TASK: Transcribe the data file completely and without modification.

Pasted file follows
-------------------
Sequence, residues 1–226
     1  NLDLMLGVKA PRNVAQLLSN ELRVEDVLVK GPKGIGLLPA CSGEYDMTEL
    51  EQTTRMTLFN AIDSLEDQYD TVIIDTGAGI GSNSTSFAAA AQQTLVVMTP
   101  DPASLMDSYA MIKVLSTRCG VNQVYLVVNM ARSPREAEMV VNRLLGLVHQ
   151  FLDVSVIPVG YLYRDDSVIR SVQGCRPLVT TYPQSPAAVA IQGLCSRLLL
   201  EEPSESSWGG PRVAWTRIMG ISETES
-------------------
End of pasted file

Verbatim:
Sequence, residues 1–226
     1  NLDLMLGVKA PRNVAQLLSN ELRVEDVLVK GPKGIGLLPA CSGEYDMTEL
    51  EQTTRMTLFN AIDSLEDQYD TVIIDTGAGI GSNSTSFAAA AQQTLVVMTP
   101  DPASLMDSYA MIKVLSTRCG VNQVYLVVNM ARSPREAEMV VNRLLGLVHQ
   151  FLDVSVIPVG YLYRDDSVIR SVQGCRPLVT TYPQSPAAVA IQGLCSRLLL
   201  EEPSESSWGG PRVAWTRIMG ISETES